iced pumpkin spice oatmeal cookies
Pumpkin spice and everything nice… that’s what these iced pumpkin spice oatmeal cookies are made of. Soft and chewy, with tons of texture and a hint of warm spices, each cookie is like autumn in dessert form. Add the pumpkin spiced icing and, well, don’t be surprised if they disappear faster than peak leaf-peeping season.
Iced Pumpkin Spice Oatmeal Cookies Recipe
What are iced pumpkin spice oatmeal cookies, you ask? Only the next best (maybe even theee best?) thing to traditional iced oatmeal cookies, which are among my top favorite desserts of all time. Don’t be fooled — these are not made with pumpkin. Rather, they’re spiced with pumpkin pie spice, so they give off a hint of pumpkin pie flavor without the mushy texture. Here’s what you can expect with these cookies:
- Soft and chewy texture
- Slightly sweet oatmeal flavor
- Pumpkin pie spice throughout (think cinnamon, nutmeg, cloves, etc.)
- A simple icing glaze (also pumpkin pie spiced!)
- No rolling, dough-chilling, or fancy decorations (aka, instant gratification)
- With leftover oatmeal, make these Gooey Oatmeal Chocolate Chip Cookies!
Best Ingredients for Pumpkin Spice Oatmeal Cookies
Now that you know what it means to make these cookies (i.e., like falling into a pile of crunchy leaves while wearing a cozy knit sweater and smelling a pumpkin-scented candle all at the same time), here are the best ingredients to use to make this recipe:
- Old-fashioned rolled oats, for texture and flavor
- All-purpose flour
- Pumpkin pie spice (you can find this in the spice aisle already made, but if you want to make your own, see the Recipe Notes below)
- Baking powder and baking soda, for leavening
- Butter, for richness and binding
- Brown sugar and granulated sugar, for sweetness and chewiness
- Large eggs, for binding and moisture
- Vanilla extract, for flavor
- Powdered sugar and milk (for the icing)
If you’ve got all of these ingredients on hand, you’re well on your way to fall baking bliss! If not, they are all extremely easy to find, so be sure to add them to your next grocery list.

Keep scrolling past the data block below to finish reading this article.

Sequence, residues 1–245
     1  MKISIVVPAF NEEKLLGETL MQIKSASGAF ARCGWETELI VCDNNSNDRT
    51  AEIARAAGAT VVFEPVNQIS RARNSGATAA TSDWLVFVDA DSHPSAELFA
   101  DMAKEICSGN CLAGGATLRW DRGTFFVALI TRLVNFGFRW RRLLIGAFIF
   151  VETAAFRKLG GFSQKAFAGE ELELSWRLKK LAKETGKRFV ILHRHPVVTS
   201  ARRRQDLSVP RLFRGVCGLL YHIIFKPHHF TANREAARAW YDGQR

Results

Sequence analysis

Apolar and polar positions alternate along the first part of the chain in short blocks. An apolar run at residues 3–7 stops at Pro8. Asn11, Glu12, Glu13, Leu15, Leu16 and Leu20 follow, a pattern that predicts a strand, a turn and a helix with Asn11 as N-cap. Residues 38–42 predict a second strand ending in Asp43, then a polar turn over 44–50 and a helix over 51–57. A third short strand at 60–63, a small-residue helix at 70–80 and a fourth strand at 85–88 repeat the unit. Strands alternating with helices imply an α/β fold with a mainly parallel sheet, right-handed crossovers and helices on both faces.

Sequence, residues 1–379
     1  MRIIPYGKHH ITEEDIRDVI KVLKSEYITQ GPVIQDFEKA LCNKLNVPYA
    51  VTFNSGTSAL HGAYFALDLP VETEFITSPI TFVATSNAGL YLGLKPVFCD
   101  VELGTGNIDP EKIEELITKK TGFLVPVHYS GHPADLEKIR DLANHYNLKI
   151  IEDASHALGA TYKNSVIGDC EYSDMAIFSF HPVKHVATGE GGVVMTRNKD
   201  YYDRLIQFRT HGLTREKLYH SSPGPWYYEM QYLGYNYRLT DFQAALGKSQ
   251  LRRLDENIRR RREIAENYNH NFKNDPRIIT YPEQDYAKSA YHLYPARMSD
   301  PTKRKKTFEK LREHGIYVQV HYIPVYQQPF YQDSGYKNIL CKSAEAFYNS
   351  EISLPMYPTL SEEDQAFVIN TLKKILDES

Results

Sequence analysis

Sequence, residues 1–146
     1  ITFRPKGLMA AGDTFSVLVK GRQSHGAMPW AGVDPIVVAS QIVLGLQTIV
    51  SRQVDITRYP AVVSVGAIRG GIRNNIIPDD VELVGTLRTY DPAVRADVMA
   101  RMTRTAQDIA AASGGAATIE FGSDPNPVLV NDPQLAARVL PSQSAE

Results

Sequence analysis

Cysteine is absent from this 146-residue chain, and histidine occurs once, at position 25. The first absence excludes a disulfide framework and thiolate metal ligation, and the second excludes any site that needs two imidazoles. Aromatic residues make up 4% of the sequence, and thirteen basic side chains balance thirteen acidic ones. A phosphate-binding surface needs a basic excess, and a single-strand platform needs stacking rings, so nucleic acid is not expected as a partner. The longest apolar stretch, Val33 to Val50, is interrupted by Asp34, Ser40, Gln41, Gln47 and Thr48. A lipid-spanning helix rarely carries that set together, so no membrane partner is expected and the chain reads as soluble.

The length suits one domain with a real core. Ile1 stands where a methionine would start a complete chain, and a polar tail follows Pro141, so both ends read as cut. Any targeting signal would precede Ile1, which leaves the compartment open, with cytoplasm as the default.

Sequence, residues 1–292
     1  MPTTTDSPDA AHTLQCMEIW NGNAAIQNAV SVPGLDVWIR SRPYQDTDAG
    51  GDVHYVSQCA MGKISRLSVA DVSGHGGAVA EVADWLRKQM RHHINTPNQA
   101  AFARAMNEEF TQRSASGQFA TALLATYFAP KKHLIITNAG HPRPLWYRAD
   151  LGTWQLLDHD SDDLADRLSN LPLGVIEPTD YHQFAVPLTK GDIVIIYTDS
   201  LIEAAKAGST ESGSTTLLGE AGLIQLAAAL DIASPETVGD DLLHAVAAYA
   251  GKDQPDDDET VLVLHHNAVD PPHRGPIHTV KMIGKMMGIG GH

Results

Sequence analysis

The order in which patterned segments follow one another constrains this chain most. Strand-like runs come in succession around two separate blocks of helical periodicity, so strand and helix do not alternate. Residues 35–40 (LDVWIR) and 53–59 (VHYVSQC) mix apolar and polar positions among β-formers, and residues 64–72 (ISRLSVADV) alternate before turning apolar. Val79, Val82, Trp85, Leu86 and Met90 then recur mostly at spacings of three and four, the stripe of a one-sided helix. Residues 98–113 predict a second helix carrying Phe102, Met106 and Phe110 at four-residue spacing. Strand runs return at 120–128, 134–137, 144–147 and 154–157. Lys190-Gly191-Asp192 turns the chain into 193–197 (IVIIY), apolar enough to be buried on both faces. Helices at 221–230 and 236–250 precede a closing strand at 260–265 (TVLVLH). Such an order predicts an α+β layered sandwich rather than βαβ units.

A Note About Oats
For this recipe, you need to use old-fashioned rolled oats — do not substitute with instant oats, steel cut oats, etc., or the results will not be the same. Old-fashioned oats will give you the ideal texture and shape for these cookies. It’s also important to process the oats a few times in a food processor per the recipe instructions; this small but essential step will break up the oats just enough to retain their texture in the cookies, but also give you that classic craggy top that’s iconic for iced oatmeal cookies. You only need to pulse the oats enough to break them into uneven pieces, not into a powder or flour. If you don’t have a food processor, you can chop the oats with a sharp knife.
Can I Freeze These Cookies?
Yes, these cookies are super-easy to freeze, and you can freeze them iced or un-iced. Once the cookies are fully cooled (and the icing is set, if you plan to freeze them with icing), transfer the cookies to a freezer-safe resealable plastic food storage bag. Freeze the cookies for up to 3 months. Thaw them in the refrigerator overnight before serving.
How Do I Get That “Craggy” Traditional Iced Oatmeal Cookie Look with the Icing?